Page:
It looks very likely that Pence will end his career with the team that he had the longest tenure with. The decision to bring him aboard in the summer of 2012 was absolutely the best trade that the San Francisco Giants have made in the last decade.
The Worst Trade the San Francisco Giants Have Made Since 2010: San Francisco Acquires Matt Moore From the Tampa Bay Rays for Matt Duffy, Lucius Fox, and Michael Santos (August 1, 2016)
The 2016 season was the last season that San Francisco was even in playoff contention, eventually losing to the Cubs in the NLDS. They were looking to strengthen their rotation, so they acquired hard-throwing lefty Matt Moore from the Rays. But, in return, they gave up Matt Duffy, who was turning into a solid third baseman and a possible key piece for the future.
Moore was one of the more exciting young arms in baseball just a few years prior, putting up solid numbers in 2012 and 2013 with Tampa Bay. But injuries hindered his development, as he became pretty inconsistent in the seasons leading up to this trade. He had a 4.08 ERA with the Rays in 2016 before the deadline move, and once he became a Giant, Moore posted a carbon copy ERA in 12 starts, going 6-5.
In his first full season with San Fran in 2017, the lefty was dreadful, compiling a 6-15 record and a 5.52 ERA in 31 starts. He also led the NL in most earned runs surrendered. After a rough year in Texas in 2018, Moore ended up with the Detroit Tigers in 2019 but pitched just 10 innings before hurting his knee, which ended his season. Now he’s playing overseas in Japan.
Duffy enjoyed a productive short stint after this trade in 2016 with the Rays, hitting .276 in 21 games. The following season he appeared in 132 games, finishing with an impressive .294 batting average. An injury-ridden 2019 limited the third baseman to just 46 games. Duffy was eventually released by Tampa Bay, but he signed a minor-league deal with the Rangers in the offseason. In his first full big-league campaign with the Giants in 2015, he was brilliant. Duffy went deep 12 times, collected 77 RBIs, and hit .295 in 149 games. He also made just 12 errors at the hot corner. What more could you want? Duffy clearly proved that he could have been the third baseman of the future for the Giants. Just 24 years old, his best years were ahead of him.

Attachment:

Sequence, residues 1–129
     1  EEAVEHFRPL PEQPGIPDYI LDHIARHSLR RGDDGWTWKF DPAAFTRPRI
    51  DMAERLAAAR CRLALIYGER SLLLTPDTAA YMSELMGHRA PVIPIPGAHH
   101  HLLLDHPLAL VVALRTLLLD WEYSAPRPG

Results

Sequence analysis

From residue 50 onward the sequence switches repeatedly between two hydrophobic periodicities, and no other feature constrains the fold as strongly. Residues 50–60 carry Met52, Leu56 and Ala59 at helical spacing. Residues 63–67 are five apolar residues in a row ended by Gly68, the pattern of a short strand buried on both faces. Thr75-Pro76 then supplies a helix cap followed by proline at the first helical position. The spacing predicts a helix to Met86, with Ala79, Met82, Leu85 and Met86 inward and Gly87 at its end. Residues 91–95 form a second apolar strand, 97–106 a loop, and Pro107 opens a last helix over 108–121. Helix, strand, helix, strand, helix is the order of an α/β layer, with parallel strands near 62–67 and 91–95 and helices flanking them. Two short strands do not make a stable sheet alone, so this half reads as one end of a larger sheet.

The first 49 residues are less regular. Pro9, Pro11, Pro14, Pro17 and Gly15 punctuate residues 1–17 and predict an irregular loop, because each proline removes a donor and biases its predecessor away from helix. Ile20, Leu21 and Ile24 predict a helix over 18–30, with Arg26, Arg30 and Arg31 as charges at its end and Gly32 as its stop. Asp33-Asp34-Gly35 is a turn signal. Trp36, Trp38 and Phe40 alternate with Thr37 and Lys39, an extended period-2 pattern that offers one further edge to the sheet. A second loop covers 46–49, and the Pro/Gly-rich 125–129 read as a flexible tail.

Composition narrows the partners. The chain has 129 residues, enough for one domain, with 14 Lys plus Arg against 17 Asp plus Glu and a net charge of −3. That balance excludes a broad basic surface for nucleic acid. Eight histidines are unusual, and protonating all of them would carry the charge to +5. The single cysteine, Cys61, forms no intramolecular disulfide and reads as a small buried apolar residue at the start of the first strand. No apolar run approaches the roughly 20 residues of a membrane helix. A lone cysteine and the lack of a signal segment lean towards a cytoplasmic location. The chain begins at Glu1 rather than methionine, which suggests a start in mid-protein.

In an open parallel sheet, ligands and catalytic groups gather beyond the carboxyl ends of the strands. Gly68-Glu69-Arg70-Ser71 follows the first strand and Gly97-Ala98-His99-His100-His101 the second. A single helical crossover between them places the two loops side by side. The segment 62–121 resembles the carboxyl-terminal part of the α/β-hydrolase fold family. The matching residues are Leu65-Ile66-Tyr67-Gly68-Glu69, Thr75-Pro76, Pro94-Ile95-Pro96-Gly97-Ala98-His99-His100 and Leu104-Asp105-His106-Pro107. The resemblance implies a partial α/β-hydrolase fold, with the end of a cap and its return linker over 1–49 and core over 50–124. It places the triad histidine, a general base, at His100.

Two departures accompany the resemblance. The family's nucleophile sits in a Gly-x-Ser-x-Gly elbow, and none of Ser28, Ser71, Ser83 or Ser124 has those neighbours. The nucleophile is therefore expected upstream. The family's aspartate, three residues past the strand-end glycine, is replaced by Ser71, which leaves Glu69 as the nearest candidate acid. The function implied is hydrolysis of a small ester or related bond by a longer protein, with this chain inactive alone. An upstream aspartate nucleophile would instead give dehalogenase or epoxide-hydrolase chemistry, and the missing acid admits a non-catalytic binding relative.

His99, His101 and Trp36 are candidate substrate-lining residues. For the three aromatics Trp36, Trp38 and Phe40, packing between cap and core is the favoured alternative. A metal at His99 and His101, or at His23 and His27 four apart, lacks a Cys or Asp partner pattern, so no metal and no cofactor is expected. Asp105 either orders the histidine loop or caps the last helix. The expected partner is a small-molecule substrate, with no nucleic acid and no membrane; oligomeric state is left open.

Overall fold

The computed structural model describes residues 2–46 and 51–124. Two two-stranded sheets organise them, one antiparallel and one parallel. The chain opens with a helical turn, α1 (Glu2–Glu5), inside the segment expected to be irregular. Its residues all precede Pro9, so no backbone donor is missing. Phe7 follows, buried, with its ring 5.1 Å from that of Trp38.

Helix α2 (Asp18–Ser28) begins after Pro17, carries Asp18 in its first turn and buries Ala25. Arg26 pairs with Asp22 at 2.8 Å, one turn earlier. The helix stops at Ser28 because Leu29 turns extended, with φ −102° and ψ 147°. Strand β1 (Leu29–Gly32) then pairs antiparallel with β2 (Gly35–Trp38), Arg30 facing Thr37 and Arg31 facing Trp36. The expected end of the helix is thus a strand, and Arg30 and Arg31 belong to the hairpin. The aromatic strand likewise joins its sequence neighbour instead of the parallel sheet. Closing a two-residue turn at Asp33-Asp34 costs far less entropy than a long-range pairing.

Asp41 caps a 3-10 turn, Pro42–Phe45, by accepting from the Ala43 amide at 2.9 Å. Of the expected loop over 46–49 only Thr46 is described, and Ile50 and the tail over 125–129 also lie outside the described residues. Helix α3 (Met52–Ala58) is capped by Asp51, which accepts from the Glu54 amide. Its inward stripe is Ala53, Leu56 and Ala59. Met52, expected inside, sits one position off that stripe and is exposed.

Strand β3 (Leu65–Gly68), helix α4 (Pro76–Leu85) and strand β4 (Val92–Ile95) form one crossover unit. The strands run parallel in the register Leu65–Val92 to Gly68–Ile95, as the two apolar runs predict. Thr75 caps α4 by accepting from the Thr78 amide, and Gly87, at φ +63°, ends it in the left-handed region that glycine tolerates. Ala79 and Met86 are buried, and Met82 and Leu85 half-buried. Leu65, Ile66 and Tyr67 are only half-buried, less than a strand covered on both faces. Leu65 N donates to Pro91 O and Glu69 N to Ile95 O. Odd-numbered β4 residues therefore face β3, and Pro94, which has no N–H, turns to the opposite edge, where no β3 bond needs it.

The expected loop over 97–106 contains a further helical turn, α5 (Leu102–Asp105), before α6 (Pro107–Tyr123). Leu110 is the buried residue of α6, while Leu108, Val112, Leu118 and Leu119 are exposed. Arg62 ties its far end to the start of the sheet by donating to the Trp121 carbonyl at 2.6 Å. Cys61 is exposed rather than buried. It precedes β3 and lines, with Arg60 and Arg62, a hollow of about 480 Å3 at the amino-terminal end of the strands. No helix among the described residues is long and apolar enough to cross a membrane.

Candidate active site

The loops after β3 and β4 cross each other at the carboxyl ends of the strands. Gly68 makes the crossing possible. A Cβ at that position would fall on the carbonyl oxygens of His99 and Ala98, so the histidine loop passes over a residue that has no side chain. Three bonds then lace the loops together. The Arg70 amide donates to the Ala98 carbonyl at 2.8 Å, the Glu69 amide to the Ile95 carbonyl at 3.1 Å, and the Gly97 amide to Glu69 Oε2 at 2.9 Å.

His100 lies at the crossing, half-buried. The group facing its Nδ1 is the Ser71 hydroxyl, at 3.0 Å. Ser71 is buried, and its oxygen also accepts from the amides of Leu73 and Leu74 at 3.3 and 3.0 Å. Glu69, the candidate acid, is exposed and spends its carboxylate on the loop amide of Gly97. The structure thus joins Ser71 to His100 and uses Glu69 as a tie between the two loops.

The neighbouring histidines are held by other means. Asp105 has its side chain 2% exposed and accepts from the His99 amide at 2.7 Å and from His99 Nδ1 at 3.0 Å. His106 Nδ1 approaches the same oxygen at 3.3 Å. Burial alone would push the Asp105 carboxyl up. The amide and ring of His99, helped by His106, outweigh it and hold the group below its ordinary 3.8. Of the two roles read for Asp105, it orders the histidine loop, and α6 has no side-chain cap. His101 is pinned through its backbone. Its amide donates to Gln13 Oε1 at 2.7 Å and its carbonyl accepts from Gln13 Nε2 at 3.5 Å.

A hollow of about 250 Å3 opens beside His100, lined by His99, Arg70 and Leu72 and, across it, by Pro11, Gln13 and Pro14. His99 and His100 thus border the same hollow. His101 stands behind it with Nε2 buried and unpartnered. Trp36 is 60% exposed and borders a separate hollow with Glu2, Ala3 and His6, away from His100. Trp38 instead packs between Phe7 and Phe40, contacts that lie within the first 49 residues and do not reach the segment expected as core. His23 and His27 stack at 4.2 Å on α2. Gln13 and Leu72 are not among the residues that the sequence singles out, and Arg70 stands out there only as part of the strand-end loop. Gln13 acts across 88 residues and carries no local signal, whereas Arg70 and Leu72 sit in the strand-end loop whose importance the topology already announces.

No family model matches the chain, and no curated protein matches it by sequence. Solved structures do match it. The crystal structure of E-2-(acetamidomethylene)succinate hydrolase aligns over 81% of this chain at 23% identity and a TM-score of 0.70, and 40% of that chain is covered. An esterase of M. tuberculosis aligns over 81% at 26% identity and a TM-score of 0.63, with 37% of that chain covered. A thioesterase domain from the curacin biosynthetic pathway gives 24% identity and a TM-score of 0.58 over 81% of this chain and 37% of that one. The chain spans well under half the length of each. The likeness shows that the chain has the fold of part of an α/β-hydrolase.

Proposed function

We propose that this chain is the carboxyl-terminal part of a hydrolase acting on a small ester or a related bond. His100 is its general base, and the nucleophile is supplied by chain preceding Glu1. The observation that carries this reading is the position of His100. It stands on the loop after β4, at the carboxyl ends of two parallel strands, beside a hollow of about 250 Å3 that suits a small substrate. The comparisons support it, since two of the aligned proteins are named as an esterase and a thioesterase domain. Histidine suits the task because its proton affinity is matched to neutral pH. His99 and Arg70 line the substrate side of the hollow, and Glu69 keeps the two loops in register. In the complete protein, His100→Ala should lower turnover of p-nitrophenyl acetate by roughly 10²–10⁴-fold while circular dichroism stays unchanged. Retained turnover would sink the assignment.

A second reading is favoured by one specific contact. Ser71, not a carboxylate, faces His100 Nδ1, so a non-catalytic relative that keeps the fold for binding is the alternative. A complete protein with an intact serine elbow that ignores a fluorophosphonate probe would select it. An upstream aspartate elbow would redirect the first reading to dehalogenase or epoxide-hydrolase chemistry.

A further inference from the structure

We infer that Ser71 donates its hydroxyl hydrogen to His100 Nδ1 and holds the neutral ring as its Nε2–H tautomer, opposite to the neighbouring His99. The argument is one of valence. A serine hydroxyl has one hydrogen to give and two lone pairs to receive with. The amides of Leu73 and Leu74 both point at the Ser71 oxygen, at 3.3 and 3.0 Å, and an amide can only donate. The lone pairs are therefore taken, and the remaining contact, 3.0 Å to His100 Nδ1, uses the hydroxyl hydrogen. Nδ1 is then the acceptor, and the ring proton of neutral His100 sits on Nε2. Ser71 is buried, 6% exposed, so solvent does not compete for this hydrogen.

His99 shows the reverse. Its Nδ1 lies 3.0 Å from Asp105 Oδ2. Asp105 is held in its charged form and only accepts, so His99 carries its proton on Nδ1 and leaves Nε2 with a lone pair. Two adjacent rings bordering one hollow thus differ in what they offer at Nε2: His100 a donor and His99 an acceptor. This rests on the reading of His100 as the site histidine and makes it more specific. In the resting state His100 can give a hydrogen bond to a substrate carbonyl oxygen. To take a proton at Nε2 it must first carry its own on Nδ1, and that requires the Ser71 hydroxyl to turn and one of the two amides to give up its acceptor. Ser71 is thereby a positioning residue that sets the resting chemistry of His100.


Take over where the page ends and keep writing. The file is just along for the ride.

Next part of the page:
Instead, they traded away Duffy and then traded for an aging Evan Longoria the following year. Don’t get me wrong, Longoria is a very good big leaguer, but his best days were behind him. Across two seasons with the Giants, he has hit just .250 with 17 and 20 home runs, respectively. To boot, Longoria has been lackluster defensively, committing 15 errors in each of the last two seasons in an average of just 120 games per year.
The number of injuries that Moore suffered before the Giants acquired him from the Rays should have been a red flag. Moore wasn’t the same pitcher that he once was in his first couple of big-league seasons. Not only did they give up Duffy who could have been an important piece to their future, but they got absolutely nothing in return from Moore except being a liability on the mound. This was definitely the worst trade of the last decade by the San Francisco Giants.
Stay tuned to Baseball Essential over the next few weeks for more on the best and worst trades made by all 30 MLB clubs over the past 10 years.